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How Have Sawmill and Plywood Capacities Changed in the South?

This is the second in a series related to Forisk’s Q1 2017 forest industry analysis and timber price forecasts for the United States and Canada.

The fact that the forest industry has changed structurally over the past 10 years is no surprise given the economic turmoil of the Great Recession. Specifically, many plywood plants shuttered, already subject to a declining end-market given competition from oriented strand board (OSB) made from cheaper, smaller logs. While sawmills closed, as well, some have re-started or retooled to become more efficient and productive. So why bring it up? Understanding how the industry has changed, especially locally for specific timber baskets, provides context for the present. It also provides critical information for company leaders to decide where to allocate capital and expand (or add) capacity.

Southern pine grade capacity, including sawmills and plywood plants, declined 17% in the past ten years, but this varies by local market. The Gulf South was hit the hardest by the recession and has yet to recover (Figure). Southern Arkansas, northern Louisiana, and Southern Mississippi are still 20-35% below 2006 levels despite recent mill expansions in the area. The East Coast has fared better, with changes ranging from a 16% decline in southern Georgia to a 7% increase in northern Florida, where the Klausner Live Oak sawmill added capacity. Alabama and the panhandle of Florida stick out as areas of modest change with 4-9% declines.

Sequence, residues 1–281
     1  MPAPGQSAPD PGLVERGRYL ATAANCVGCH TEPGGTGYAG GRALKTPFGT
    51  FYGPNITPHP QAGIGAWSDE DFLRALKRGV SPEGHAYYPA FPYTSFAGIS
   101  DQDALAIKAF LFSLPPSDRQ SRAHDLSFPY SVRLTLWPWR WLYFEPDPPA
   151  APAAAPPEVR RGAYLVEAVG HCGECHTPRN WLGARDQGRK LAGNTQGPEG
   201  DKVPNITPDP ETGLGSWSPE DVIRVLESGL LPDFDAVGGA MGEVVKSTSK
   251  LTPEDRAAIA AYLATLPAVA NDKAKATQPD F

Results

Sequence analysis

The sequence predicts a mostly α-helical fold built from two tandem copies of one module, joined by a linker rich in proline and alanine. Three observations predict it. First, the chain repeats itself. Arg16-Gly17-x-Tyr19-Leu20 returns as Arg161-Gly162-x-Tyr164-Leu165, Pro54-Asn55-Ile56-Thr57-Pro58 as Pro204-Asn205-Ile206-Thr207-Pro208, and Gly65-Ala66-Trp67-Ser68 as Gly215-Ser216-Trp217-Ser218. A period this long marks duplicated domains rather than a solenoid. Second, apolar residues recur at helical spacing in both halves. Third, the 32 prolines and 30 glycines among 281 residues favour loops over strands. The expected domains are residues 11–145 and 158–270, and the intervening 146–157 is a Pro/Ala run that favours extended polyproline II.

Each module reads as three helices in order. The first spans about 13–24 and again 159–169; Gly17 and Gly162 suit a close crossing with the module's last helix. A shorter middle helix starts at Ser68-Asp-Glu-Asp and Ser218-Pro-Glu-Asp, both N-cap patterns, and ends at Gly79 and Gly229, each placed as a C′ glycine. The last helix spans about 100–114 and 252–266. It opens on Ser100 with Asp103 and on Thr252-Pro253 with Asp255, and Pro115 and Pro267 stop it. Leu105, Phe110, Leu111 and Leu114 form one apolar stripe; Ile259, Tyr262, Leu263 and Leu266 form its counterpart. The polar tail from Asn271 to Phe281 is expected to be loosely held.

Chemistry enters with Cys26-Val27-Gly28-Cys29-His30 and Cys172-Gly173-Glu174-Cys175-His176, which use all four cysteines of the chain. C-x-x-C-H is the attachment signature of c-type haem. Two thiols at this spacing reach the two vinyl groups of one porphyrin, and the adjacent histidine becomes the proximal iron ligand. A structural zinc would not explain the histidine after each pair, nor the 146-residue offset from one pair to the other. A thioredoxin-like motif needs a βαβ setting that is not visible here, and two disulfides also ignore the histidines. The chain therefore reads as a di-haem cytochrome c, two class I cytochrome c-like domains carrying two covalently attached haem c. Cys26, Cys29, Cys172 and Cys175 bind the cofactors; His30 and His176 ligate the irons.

FFF1 PineGradeCapacityChange_TMSRegion

Looking forward, markets in southern Arkansas, southern Mississippi, north-central Alabama, and coastal North Carolina could have more capacity increases from announced expansions, re-openings, and greenfield mills. Investments after the recession targeted the East Coast and Alabama first, starting with Canadian mill purchases and expansions. Second, investments targeted southern Arkansas. Now the newest wave of investments and activity are in the mid-South in Mississippi and Alabama (again).


Forisk Senior Analyst Justin Tyson contributed to the research in this blog post. This post includes data and analysis from “Forisk Facts & Figures” – Forisk’s quarterly “story in three slides” – a chapter in the Q1 2017 Forisk Research Quarterly (FRQ). To learn more about the FRQ, click here or call Forisk at 770.725.8447.

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